The Arbitrator concluded that the grievant's absences fit the criterion of Section 24.03(a)(5) of the parties' collective bargaining agreement regarding identification and correction of sick leave abuse.(*) That subsection provides that one indication of sick leave abuse is "[i]ntermittent sick leave use of short duration with vague excuses." The Arbitrator acknowledged that the "fact that the [g]rievant took leave without pay on some occasions certainly indicates that at those times he was genuinely ill," but, the Arbitrator noted, "from the point of view of management, an employee who is so often absent, requiring a substitute to be taken off work where he is badly needed, is simply an unfair burden." Award at 2. Accordingly, the Arbitrator denied the grievance.
III. The Union's Exception
The Union contends that the Arbitrator's award is contrary to law, that the Arbitrator exceeded his authority and that "the tolerable bounds of reasonableness were breached by the Arbitrator in the rendering of the award." Exception at 1.
The Union states that the counseling letter refers to the grievant's alleged use of sick leave during periods of heavy workload and in connection with weekends and holidays. The Union argues that these allegations meet the "requirements" set forth in section 24.03(a)(3) and (4) of the collective bargaining agreement and not the criterion set forth in section 24.03(a)(5) relied upon by the Arbitrator. Accordingly, the Union argues that the Arbitrator exceeded his authority under law and the parties' collective bargaining agreement by determining that the Agency had just cause to counsel the grievant because his sick leave use met the criterion set forth in Section 24.03(a)(5). The Union notes that Section 7.06(a) of the parties' collective bargaining agreement provides that an "arbitrator's authority is limited to deciding only the issue or issues considered in the formal grievance." The Union argues that the only issue properly before the Arbitrator was whether the grievant's conduct constituted leave abuse under section 24.03(a)(3) and (4) because those were the only indications of sick leave abuse specifically described in the counseling letter.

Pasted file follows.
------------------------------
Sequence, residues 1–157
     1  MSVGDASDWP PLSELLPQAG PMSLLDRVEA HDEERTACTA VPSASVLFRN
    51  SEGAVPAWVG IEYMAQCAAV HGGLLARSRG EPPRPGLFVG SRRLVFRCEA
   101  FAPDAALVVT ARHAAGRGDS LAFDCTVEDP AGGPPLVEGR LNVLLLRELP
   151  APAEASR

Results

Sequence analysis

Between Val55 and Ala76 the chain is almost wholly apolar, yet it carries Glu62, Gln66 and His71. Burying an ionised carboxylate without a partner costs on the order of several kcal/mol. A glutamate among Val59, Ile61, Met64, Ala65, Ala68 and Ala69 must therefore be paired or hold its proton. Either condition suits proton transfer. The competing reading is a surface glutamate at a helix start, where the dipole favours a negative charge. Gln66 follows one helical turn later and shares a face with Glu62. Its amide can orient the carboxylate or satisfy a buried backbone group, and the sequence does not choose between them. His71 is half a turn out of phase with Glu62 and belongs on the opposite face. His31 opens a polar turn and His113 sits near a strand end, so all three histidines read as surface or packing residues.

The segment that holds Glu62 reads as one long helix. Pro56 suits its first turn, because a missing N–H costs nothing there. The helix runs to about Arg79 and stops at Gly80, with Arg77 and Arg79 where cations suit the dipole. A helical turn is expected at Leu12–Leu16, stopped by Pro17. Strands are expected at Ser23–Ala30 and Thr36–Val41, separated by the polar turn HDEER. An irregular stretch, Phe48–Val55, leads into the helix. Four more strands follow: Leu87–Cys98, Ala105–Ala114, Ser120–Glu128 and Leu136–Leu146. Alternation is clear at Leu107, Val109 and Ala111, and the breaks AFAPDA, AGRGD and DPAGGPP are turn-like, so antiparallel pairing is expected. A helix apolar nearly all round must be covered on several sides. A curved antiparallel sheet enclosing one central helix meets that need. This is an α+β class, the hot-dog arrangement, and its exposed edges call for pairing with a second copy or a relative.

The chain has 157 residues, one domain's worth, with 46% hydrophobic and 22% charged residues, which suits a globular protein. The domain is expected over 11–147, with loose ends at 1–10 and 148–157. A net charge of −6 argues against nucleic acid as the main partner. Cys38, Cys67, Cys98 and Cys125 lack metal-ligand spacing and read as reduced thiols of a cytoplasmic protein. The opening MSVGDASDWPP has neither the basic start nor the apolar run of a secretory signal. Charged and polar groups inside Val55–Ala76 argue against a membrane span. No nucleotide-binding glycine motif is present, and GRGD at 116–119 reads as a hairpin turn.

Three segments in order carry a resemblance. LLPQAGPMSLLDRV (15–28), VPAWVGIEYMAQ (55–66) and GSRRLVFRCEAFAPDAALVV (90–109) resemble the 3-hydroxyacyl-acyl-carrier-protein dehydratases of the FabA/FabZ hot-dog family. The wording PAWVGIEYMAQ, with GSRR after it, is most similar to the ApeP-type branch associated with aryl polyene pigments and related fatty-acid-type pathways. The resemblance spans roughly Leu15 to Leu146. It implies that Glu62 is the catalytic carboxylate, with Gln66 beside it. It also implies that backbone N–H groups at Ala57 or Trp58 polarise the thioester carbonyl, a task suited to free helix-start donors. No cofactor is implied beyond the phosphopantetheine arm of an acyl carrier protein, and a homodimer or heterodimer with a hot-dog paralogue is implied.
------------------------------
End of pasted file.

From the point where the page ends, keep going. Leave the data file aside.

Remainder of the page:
IV. Analysis and Conclusions